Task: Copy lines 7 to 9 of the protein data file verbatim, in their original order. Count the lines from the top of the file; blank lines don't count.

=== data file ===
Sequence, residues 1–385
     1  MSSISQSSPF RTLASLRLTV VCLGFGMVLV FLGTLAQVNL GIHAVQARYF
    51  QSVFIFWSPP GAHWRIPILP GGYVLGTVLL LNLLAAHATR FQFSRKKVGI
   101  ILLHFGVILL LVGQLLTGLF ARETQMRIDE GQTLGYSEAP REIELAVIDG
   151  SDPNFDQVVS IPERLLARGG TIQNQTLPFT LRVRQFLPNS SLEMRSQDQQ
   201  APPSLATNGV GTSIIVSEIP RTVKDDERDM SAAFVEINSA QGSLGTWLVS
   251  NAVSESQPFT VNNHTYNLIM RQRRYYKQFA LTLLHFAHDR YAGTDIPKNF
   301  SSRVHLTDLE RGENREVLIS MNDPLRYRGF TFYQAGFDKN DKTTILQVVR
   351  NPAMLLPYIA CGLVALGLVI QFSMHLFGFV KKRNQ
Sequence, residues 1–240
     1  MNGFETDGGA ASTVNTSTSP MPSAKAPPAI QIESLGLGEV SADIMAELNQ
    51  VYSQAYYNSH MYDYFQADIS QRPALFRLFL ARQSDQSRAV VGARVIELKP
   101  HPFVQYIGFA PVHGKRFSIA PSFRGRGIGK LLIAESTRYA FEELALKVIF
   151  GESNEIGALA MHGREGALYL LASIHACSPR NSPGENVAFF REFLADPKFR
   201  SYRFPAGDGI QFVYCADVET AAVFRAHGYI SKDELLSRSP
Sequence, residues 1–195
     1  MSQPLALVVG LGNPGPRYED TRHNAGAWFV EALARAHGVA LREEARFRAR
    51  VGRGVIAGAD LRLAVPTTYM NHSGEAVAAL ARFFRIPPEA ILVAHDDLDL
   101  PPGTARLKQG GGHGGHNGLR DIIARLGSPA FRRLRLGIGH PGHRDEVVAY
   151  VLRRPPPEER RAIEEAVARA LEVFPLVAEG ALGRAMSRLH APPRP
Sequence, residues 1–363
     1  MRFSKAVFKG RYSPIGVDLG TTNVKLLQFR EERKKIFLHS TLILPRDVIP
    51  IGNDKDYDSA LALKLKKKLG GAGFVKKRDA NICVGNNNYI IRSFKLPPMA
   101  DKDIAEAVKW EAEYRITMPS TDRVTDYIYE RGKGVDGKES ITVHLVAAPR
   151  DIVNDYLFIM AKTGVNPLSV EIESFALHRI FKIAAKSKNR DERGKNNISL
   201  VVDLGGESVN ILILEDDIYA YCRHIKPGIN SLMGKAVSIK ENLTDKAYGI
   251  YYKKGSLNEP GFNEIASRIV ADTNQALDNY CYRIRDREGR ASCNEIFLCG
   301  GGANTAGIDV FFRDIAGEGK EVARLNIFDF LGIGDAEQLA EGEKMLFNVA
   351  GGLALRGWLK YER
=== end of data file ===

   251  NAVSESQPFT VNNHTYNLIM RQRRYYKQFA LTLLHFAHDR YAGTDIPKNF
   301  SSRVHLTDLE RGENREVLIS MNDPLRYRGF TFYQAGFDKN DKTTILQVVR
   351  NPAMLLPYIA CGLVALGLVI QFSMHLFGFV KKRNQ